He demanded nothing but excellence from himself. From a young age, Alex played up a level—to make sure he played against the best players possible. At 12 years old, Alex declared to his parents that he wanted to be the greatest baseball player who ever lived. That year, the University of New Mexico baseball team invited him on the road to be the team's bat boy. Sam and Jackie allowed him to go as long as their son maintained his grades. Alex slept on the hotel room floors, sharing space with three players. When they spent their nights talking about college baseball, Alex would sit and listen, taking in anything he could. "I was a little cocky piece of shit as a kid who'd tell them I'm gonna be in the big leagues, and they're like, ‘Yeah, all right, kid,'" Bregman says. It gave him a taste of college baseball. He loved riding the busses. Within the first few games of being the team's bat boy, Alex began to pick up the signals of other teams.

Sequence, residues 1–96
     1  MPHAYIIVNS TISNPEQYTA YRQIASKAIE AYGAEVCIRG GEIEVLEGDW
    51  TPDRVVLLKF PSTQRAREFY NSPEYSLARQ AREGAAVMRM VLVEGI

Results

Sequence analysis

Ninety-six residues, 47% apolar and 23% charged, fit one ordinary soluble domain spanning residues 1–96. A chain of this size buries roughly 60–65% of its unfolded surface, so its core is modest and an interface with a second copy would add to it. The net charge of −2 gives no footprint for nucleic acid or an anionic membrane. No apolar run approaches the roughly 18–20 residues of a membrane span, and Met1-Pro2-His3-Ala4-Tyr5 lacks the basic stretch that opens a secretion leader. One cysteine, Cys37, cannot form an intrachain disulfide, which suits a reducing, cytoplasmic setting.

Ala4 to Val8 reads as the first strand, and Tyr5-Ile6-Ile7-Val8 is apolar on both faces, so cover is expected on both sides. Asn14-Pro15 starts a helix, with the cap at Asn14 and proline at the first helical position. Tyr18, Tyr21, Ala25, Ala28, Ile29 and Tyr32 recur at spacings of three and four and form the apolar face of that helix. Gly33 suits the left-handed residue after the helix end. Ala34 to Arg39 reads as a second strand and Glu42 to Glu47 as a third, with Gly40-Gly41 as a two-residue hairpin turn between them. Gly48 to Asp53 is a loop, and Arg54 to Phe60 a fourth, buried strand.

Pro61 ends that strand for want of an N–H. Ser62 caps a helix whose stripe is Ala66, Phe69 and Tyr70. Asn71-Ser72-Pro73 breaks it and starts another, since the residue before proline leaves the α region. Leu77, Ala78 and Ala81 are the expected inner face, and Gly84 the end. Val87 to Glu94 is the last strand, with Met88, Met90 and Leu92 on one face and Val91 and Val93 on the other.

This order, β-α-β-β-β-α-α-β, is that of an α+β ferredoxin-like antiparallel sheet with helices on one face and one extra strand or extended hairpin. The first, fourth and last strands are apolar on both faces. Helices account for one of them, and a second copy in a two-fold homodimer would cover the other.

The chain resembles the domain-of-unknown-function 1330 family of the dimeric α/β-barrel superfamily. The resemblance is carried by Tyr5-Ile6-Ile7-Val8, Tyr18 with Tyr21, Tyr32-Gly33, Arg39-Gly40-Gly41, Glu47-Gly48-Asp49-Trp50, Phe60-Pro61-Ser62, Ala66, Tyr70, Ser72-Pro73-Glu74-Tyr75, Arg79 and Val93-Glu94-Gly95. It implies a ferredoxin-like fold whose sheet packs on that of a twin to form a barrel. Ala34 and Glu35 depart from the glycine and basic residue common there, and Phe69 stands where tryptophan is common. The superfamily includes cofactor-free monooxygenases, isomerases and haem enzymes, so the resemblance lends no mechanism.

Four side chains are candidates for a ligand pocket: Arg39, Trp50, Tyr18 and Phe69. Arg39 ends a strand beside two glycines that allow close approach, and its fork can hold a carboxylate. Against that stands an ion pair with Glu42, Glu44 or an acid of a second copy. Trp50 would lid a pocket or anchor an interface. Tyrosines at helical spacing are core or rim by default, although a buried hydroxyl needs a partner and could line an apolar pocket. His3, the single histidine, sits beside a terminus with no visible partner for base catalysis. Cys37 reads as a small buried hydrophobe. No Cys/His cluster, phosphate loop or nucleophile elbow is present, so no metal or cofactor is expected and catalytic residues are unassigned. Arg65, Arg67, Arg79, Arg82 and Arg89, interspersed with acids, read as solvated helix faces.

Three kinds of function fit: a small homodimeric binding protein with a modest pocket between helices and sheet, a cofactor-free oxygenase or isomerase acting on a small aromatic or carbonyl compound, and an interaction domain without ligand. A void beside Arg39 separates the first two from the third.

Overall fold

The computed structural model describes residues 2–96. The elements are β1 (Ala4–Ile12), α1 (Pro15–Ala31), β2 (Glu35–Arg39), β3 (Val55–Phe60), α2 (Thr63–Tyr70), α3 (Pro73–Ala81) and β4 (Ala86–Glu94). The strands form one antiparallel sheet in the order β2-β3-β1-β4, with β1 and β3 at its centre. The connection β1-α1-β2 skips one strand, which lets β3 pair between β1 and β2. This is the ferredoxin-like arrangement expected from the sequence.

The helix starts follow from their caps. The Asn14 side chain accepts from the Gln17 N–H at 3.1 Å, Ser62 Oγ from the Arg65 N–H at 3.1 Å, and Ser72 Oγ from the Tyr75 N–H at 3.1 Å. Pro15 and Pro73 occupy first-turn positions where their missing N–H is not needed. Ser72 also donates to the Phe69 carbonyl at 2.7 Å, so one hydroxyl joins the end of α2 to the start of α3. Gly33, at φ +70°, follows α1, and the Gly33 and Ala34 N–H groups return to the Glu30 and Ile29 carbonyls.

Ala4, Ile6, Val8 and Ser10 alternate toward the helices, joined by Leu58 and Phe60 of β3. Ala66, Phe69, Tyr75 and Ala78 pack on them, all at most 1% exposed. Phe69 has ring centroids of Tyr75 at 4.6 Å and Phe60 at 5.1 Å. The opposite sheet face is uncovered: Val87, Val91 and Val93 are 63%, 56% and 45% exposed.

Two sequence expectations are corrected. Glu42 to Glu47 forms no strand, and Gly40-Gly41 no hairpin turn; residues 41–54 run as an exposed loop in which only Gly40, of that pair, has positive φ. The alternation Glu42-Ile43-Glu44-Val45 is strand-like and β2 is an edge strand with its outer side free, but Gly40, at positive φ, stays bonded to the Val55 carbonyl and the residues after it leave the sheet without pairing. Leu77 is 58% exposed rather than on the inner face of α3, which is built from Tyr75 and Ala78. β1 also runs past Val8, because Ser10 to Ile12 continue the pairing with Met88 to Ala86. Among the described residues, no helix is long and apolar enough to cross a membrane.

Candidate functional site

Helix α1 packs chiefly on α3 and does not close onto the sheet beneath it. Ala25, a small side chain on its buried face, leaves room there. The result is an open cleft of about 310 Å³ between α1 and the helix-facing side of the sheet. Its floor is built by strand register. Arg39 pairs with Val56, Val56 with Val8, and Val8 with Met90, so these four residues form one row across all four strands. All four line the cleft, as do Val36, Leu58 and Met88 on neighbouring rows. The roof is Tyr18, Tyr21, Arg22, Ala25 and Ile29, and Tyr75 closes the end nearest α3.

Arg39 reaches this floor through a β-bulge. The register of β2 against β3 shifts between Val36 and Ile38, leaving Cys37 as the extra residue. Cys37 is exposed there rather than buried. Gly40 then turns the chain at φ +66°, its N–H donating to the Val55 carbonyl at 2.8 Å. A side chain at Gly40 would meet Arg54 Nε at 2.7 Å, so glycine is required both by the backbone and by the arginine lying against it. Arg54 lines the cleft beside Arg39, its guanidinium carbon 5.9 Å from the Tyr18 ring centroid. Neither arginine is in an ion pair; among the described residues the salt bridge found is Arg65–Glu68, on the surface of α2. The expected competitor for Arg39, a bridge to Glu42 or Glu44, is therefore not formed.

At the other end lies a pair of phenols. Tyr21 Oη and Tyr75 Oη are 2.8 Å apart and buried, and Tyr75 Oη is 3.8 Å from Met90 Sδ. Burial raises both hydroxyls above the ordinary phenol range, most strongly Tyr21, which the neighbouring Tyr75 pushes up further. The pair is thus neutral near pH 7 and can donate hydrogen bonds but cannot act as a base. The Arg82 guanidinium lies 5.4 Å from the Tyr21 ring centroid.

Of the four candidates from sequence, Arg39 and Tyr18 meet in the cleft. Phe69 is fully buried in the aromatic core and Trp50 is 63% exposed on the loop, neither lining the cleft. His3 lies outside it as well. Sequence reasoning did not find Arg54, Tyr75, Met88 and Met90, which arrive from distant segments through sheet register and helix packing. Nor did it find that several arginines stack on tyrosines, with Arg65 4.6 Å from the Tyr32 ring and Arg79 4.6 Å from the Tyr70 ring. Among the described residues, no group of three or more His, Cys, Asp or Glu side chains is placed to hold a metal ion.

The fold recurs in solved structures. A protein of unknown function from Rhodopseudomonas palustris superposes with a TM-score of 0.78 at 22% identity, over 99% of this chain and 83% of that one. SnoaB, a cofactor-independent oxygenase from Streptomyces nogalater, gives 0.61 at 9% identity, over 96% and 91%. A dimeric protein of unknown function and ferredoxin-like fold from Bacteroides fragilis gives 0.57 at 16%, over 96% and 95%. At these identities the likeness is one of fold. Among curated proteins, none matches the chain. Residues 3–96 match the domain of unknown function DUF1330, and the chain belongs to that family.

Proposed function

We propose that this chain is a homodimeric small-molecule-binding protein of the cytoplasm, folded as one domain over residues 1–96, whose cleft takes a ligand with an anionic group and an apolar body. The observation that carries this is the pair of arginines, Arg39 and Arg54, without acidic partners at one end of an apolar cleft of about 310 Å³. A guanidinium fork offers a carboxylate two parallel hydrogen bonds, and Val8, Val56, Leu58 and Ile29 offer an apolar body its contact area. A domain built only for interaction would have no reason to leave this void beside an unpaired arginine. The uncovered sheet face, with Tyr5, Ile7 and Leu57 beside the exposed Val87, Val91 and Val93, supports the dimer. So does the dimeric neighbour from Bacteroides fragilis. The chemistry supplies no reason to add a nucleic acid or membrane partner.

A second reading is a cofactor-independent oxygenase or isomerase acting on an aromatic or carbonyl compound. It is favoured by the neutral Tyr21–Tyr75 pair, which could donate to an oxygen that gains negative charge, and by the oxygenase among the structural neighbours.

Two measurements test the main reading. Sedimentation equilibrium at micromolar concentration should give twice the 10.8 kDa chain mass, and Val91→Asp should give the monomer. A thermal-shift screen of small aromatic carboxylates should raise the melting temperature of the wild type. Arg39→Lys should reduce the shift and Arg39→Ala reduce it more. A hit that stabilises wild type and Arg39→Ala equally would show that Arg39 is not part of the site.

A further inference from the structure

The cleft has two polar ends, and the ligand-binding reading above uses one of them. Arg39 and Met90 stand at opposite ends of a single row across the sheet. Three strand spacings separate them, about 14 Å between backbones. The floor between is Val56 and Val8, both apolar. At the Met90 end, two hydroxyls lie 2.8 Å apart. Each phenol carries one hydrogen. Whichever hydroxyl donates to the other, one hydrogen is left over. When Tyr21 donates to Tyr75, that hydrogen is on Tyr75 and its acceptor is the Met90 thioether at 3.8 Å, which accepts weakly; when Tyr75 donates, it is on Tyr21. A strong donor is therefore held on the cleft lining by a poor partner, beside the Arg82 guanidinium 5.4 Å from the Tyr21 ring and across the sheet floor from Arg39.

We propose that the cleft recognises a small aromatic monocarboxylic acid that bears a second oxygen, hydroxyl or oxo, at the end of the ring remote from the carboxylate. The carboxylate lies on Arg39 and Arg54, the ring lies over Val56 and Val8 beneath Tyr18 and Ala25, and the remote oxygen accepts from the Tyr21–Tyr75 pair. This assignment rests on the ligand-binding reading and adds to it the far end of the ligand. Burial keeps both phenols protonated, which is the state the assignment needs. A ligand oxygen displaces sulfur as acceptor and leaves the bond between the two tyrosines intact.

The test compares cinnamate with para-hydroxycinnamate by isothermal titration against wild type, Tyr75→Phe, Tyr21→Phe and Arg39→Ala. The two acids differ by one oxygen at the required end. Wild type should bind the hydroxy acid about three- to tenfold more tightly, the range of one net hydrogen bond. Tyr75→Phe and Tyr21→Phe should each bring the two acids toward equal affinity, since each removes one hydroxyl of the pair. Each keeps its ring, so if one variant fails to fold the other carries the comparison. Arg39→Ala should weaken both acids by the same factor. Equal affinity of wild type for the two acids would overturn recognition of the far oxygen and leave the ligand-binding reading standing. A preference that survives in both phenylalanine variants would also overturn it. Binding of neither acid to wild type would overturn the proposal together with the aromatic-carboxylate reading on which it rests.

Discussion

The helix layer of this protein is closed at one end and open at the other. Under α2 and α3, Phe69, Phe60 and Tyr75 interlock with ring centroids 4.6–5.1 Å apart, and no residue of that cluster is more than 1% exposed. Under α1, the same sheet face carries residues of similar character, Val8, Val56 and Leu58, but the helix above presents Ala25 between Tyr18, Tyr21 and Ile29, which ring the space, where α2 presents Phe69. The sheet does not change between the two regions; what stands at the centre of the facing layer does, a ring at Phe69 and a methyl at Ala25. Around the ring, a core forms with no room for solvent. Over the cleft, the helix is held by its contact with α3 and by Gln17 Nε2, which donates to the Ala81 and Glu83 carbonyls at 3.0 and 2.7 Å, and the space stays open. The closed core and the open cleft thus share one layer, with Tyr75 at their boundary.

"Hey, I got their signs," Alex said to the Lobos coaching staff.

The next pitch, Alex said, would be a fastball.


The next pitch was gonna be off-speed, he said.


Here comes the changeup, he said.


Alex explained his secrets, and the coaches observed. "You're right," they said. "You got ‘em." The Lobos ended up sweeping all the games they played that weekend in Arizona. "They never found out," Alex says today. "Who thinks the bat boy has the signs?" The stories circled the Albuquerque baseball scene before Alex started high school.

"I want to be the LeBron James of baseball."
—Alex Bregman